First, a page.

“It takes some advanced compromising skills and reasoning skills to reach consensus,” Goldberg reflected.
Now a student at the University of Michigan’s Ross Business School, Goldberg is still deciding her focus post-grad, but she recognises that her teen philanthropy experience will always be useful. The skills that developed in her youth can carry over with whatever direction she decides on.
“I don’t necessarily know if I’ll return to the nonprofit world ever in an employee managerial position, but I think philanthropy and the values of philanthropy will forever stay with me,” Goldberg said.
As teens ourselves involved in philanthropy, we have seen the ways that philanthropy has changed our communities and changed our own perspectives. Participating in teen philanthropy boards exposes us to real world issues and gives us the opportunity to make a change which is really fulfilling. Our work on our teen philanthropy boards allows us to become familiar with the different needs of our communities and with the different organizations that meet those needs. This can then provide openings for volunteer work and future career paths for us and our fellow board members as well as new holistic and realistic perspectives on our lives.
Now having seen what we are capable of as teens, we will look to inspire others, carrying the skills and values we have gained from our own philanthropy experiences. As both Irv Robinson and Jessica Goldberg conveyed, involvement in philanthropy of any kind can create a lot of meaning in a philanthropist’s life. By allowing teens to take part in philanthropic experiences early on, we are building a hopeful future that will be supported by a newly committed generation of givers. Whether it be new skills and knowledge, a sense of purpose or awareness, or even the ability to be humble and take a step outside ourselves, giving of all forms is a valuable experience not just to the recipient but to the giver as well.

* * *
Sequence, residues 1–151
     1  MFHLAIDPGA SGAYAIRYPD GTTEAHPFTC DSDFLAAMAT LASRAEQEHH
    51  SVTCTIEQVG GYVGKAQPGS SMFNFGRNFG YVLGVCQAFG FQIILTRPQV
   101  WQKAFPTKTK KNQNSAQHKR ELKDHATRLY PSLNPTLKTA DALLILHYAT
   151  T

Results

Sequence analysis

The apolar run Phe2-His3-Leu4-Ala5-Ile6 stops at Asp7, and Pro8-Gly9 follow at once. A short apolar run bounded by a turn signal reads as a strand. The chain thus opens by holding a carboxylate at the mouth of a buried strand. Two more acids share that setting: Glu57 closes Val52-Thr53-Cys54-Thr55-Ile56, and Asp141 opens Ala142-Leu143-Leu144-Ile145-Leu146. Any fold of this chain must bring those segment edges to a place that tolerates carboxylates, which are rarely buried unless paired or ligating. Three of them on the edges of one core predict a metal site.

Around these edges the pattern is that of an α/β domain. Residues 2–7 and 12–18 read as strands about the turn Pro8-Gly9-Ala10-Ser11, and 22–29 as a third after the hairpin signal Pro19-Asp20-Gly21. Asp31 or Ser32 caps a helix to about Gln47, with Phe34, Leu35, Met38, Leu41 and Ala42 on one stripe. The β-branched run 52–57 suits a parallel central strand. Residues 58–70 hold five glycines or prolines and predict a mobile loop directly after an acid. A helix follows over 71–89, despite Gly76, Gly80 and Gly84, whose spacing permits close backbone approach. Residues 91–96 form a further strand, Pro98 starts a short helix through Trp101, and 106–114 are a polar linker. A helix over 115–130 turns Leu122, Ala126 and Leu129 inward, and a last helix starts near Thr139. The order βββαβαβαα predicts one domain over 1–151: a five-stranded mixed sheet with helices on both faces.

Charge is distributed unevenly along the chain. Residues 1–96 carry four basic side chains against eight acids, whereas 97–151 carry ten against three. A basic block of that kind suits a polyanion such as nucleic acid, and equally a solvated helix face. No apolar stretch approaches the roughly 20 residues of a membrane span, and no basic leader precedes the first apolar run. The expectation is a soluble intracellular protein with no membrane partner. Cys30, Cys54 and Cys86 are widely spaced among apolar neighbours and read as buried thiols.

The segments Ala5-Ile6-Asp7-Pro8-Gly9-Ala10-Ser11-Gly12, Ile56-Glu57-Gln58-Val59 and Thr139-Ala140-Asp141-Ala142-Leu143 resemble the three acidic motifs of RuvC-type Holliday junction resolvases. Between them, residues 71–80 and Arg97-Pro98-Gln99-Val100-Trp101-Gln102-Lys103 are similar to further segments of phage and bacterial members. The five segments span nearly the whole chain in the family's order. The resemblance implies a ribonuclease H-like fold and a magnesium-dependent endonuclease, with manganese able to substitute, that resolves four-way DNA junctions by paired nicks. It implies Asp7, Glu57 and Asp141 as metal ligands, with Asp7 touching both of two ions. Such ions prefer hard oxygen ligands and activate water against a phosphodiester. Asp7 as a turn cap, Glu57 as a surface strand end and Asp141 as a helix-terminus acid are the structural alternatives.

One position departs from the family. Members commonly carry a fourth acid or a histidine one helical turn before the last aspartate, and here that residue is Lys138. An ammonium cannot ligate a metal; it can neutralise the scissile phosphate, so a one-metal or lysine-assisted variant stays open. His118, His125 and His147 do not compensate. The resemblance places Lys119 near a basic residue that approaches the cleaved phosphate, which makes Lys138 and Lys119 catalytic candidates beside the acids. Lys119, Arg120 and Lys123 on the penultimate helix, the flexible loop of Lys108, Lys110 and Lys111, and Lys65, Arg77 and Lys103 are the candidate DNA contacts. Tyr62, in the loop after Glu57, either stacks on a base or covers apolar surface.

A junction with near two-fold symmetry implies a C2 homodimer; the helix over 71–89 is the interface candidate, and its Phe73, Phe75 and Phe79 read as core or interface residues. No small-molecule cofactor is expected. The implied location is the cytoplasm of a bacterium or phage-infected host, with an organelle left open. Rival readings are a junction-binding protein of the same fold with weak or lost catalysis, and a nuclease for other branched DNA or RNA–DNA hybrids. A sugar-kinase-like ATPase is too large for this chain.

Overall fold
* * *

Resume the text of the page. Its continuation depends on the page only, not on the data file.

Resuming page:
Keely Ganong is an 11th grader from the San Francisco Bay Area. She has served as a board member for the Jewish Teen Foundation for the past two years and is eager to widen her perspective about philanthropy with Honeycomb. Keely also pursues writing as a reporter for her school’s newspaper and is passionate about making meaningful change in her community. The Jewish hero she looks up to most is her great grandfather David Strutin for his courage and strong familial values which brought him to America.
Cara Lopatin moved to Detroit almost 3 years ago and is a senior at Farber Hebrew Day School. As a second-year member of the Jewish Fund Teen Board, Cara is very excited to join the Honeycomb Youth Ambassador Council so that she can meet other teens engaged in the Jewish philanthropy process. Cara is also a branch head of Bnei Akiva, a Bronfman fellow, a Friendship Circle volunteer, a community builder of Kehillat Etz Chayim, and a Chai Lifeline motivational speaker as a two-time cancer survivor. A Jewish hero whom Cara looks up to is Dr. Joy Ladin.